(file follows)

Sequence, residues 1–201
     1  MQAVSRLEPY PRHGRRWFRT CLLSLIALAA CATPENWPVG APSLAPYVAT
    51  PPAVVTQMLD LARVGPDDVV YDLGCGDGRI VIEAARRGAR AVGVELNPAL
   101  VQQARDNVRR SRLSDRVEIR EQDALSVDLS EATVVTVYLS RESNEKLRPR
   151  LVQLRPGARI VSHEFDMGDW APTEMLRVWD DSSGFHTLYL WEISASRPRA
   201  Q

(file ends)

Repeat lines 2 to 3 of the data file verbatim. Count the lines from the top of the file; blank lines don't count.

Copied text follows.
     1  MQAVSRLEPY PRHGRRWFRT CLLSLIALAA CATPENWPVG APSLAPYVAT
    51  PPAVVTQMLD LARVGPDDVV YDLGCGDGRI VIEAARRGAR AVGVELNPAL